• What are you going on about?

            The prior post asked a question, and i answerd it. I should have quoted...

            Do you allege that ISPs are at fault because they selected equipment, technology and approaches that were inferior to what Internet2 developed? If so, why?

            And my answer...

            Consumers... They just see the "up to 500gigabites!" and forget the backbone.

            Since there is no consumer push for sustained throughput at high speeds, they don't build it. The last mile is solved. It is the 10 miles between that and the backbone that is choked now.

  • by Chrisq ( 894406 ) on Monday April 11, 2011 @10:32AM (#35781310)
    Who else thought they were talking about Web 2.0, was confused by the comments and then went back and read TFA?
    • Honest enough mistake, considering that nobody outside of a very select group has ever gotten to use it and likely never will.

      • by Anonymous Coward

        Actually anyone who has ever attended, lived at, worked for, or visited a university that is a part of the Internet2 consortium has used it. I wouldn't call that a very select group, because we're talking millions of people per year...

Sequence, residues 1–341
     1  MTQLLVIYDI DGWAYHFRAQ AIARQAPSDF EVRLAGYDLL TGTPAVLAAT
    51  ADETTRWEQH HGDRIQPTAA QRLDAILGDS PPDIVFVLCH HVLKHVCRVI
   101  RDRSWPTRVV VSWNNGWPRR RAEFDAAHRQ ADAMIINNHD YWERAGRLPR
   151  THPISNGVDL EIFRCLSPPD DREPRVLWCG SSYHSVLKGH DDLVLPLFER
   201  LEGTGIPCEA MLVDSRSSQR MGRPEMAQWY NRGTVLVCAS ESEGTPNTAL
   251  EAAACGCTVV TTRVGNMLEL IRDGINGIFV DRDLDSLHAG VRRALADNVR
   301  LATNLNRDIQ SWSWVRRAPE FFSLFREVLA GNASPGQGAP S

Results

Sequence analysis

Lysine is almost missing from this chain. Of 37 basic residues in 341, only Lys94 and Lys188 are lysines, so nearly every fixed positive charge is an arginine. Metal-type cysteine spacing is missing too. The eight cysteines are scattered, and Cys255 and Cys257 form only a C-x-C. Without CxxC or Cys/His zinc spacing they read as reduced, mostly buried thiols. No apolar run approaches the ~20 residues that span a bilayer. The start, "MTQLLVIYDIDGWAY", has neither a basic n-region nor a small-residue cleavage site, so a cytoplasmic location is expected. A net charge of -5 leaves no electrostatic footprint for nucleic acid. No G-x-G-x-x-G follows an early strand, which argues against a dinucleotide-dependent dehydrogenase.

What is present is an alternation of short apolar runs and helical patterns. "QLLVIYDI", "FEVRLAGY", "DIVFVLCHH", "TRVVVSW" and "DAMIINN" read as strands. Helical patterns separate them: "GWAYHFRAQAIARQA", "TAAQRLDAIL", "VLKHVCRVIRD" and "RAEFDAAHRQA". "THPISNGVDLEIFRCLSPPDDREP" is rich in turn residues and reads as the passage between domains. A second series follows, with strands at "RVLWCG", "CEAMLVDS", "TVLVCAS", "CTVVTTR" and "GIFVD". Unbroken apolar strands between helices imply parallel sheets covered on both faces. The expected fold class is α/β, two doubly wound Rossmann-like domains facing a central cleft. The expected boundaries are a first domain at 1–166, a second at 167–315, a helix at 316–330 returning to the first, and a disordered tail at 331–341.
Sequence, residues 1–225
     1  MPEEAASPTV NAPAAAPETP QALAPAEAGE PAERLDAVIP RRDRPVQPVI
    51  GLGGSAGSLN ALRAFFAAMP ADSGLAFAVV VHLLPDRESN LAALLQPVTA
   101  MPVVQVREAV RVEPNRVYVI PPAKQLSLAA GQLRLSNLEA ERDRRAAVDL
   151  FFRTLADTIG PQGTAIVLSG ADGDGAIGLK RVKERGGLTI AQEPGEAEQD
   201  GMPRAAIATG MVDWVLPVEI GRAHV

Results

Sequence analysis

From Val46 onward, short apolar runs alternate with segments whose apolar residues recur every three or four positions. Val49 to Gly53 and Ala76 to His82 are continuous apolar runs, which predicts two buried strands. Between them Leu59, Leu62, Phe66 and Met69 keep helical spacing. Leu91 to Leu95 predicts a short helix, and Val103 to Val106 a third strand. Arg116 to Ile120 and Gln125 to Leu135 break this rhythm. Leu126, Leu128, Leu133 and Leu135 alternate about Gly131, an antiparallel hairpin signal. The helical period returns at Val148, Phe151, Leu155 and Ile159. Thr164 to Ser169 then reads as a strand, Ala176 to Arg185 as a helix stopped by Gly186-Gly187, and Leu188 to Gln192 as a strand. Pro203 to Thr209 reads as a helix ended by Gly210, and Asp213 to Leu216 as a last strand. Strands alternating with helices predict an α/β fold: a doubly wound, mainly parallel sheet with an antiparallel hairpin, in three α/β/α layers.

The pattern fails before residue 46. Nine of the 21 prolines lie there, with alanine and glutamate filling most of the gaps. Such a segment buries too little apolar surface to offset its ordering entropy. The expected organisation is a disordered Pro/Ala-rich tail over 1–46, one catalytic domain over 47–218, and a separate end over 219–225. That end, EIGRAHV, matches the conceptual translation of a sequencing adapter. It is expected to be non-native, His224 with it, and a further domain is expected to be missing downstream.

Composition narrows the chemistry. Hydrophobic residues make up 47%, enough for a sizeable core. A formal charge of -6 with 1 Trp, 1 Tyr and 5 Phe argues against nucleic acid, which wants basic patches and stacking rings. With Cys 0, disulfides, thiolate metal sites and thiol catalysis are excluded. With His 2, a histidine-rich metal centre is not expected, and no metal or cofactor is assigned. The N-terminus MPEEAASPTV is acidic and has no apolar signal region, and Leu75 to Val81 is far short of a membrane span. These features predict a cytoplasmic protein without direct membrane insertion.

• Yep, now I wish I hadn't wrote my comment. Oh well. Fuck it, TFA's usually filled with ads and there's usually far more insight and information in the comments. Otherwise I wouldn't include slashdot in my daily readings, I'd just subscribe to news feeds. Yes, digging through the slashdot comments is more stimulating to me than reading editorials by half-wits. I don't know what that means in general, but to me it means I need better reasons to RTFA most of the time when it comes to the subject of 'news'
    • Apparently this guy [] who posted 14 minutes after you. With the exception noted that he did not go back and read TFA, and, apparently, the comments as well.

    • by e70838 ( 976799 )
      Web 2.0 is a commercial buzzword, it has no place on a site for nerds.
  • It definitely has, thanks to the revolution of the wiki. If it weren't for that, the internet would have jumped the shark. Wikis truly brought us Web 2.0 as far as users are concerned. It's a shining example of how the internet is truly interactive and collaborative, and it's one of the few methods that consistently upholds the basic principles of what the web should be. OSS has also proliferated and grown thanks to the internet, and has in turn enabled better services from a wider variety of non-commer